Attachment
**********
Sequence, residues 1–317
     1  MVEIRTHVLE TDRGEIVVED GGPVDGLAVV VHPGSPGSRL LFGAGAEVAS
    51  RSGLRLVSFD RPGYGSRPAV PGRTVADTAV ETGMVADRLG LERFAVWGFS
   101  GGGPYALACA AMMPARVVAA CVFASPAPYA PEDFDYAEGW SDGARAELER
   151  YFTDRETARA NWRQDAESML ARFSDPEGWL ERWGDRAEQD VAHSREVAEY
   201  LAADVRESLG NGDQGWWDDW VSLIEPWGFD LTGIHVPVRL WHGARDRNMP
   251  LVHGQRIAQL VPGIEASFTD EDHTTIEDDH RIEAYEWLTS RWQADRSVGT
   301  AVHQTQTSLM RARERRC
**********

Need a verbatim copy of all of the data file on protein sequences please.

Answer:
Sequence, residues 1–317
     1  MVEIRTHVLE TDRGEIVVED GGPVDGLAVV VHPGSPGSRL LFGAGAEVAS
    51  RSGLRLVSFD RPGYGSRPAV PGRTVADTAV ETGMVADRLG LERFAVWGFS
   101  GGGPYALACA AMMPARVVAA CVFASPAPYA PEDFDYAEGW SDGARAELER
   151  YFTDRETARA NWRQDAESML ARFSDPEGWL ERWGDRAEQD VAHSREVAEY
   201  LAADVRESLG NGDQGWWDDW VSLIEPWGFD LTGIHVPVRL WHGARDRNMP
   251  LVHGQRIAQL VPGIEASFTD EDHTTIEDDH RIEAYEWLTS RWQADRSVGT
   301  AVHQTQTSLM RARERRC